New research supports therapeutic potential of senolytics in DME

Publication in Nature Medicine details long-lasting, disease-modifying intervention in vision loss from diabetic macular edema.

UNITY Biotechnology, a company working on therapeutics to slow, halt or reverse diseases of aging, today announced new research published in the peer-reviewed journal Nature Medicine that supports the clearance of senescent cells in the retina as a therapeutic approach that can lead to long-term improvements in vision in patients with diabetic macular edema (DME) [1].

Longevity.Technology: Sustained hyperglycemia from diabetes induces cellular senescence which damages the retina, including the delicate vasculature in the eye. This can lead to fluid accumulation and retinal thickening – key features of DME. The study shows that the therapeutic clearance of senescent cells can potentially remove an underlying source of pathogenesis and thus allow healthy cells to regenerate and remodel retinal vasculature, ultimately leading to long-term disease modification.

Senescent cells are cells that have reached the end of their replication lifespan, or have been damaged beyond repair, but which have ‘forgotten’ to undergo apoptosis or cell death. Instead, they hang around in the body, building up in numbers, encouraging other cells to become senescent and contributing to age-related tissue and organ dysfunction and various chronic age-related diseases.

Senescent cells also secrete a toxic mix of inflammatory cytokines, growth factors and proteases (senescence-associated secretory phenotype or SASP). SASP can promote chronic inflammation, tissue remodeling and other changes that can drive the development and progression of age-related diseases.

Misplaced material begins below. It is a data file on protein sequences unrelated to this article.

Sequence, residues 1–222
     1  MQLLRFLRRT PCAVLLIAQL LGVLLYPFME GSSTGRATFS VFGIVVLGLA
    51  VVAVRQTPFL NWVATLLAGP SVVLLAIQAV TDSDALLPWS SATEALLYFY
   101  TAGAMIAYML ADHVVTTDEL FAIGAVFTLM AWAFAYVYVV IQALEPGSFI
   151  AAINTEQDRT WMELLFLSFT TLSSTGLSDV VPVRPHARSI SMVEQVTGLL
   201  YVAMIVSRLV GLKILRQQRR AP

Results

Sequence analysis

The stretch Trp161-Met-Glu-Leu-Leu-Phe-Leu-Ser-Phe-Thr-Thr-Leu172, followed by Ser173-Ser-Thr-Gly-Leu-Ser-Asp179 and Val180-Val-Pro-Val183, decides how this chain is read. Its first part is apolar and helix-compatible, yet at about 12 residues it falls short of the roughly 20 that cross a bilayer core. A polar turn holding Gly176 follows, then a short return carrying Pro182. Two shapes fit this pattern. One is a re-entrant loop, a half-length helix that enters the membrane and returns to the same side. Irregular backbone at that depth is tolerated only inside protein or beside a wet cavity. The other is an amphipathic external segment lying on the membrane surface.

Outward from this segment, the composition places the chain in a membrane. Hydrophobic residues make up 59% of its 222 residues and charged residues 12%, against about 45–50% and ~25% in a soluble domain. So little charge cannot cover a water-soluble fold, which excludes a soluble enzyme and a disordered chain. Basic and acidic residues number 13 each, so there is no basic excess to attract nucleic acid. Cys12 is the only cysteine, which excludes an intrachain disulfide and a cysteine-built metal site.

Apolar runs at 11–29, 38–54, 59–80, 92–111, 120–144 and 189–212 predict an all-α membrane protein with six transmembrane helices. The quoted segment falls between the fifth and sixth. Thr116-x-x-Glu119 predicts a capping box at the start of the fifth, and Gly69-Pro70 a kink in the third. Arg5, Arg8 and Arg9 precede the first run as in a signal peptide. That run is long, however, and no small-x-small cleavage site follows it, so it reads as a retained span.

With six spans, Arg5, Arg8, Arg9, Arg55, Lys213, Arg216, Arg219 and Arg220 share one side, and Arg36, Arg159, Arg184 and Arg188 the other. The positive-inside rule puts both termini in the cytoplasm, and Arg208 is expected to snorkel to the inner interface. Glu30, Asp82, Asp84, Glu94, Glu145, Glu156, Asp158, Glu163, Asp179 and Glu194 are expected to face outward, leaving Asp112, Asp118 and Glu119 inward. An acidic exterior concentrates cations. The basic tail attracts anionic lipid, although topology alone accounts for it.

A team of scientists at University of Montreal and UNITY Biotechnology revealed that cellular senescent pathways are triggered in the diabetic retina and are specifically activated in endothelial cells. They demonstrated that these senescent cells contribute to loss of barrier function, which can cause leaky blood vessels [2].

Researchers showed that senolysis – inducing death of senescent cells – by inhibiting an anti-apoptotic protein improved retinal barrier function in diabetic mice. The double negative can be a rather tricky concept to wrap your head around, but in a nutshell, cell death in senescent cells is a good thing, proteins that prevent cell death are bad, and inhibiting those proteins to stop cell death prevention brings us back round to the good thing of cell death.

Inhibition of the anti-apoptotic BCL-xL also modified the retinal microenvironment and reestablished tissue homeostasis. In addition, in clinical trials BCL-xL inhibition led to improvements in visual acuity and retinal structure stabilization in patients with advanced disease [1].

“This research provides compelling mechanistic evidence of the therapeutic approach of eliminating senescent cells to reduce diabetes-induced retinal vascular leakage and preserve retinal function,” said Anirvan Ghosh, PhD, CEO of UNITY and an author of the paper.

“As senescent cell burden is observed in many other diseases, this study highlights the potential benefit of senolytic drugs for various age-related and metabolic diseases.”

In preclinical studies, UNITY has demonstrated that targeting Bcl-xL with UBX1325 preferentially eliminated senescent cells from diseased tissue while sparing cells in healthy tissue.

The BCL-xL inhibitor UBX1325 has also been evaluated in a Phase 2 study; this research. demonstrated that a single injection led to statistically significant and clinically meaningful improvements in visual acuity through 48 weeks in patients with DME, while reducing anti-VEGF treatment burden.

UNITY’s goal with UBX1325 is to transformationally improve real-world outcomes for patients with retinal disease. It is now actively enrolling patients for a Phase 2b clinical trial where UBX1325 is being evaluated head-to-head versus aflibercept, with 16-week results expected in Q4 2024.

“Most therapeutic options available and in development for DME target the VEGF pathway. As a BCL-xL inhibitor, the senolytic UBX1325 targets an alternative mechanism and holds the potential to not only address the limitations of but also complement anti-VEGF agents,” said Przemyslaw (Mike) Sapieha, PhD, chief scientist at UNITY and the lead author of the paper. “A new long-lasting and disease-modifying therapy for DME would be transformative for patients. This research further supports the potential for senolytic medicines to address the significant unmet need with current standard of care.”

READ MORE: Anirvan Ghosh on getting comfortable with senotherapeutics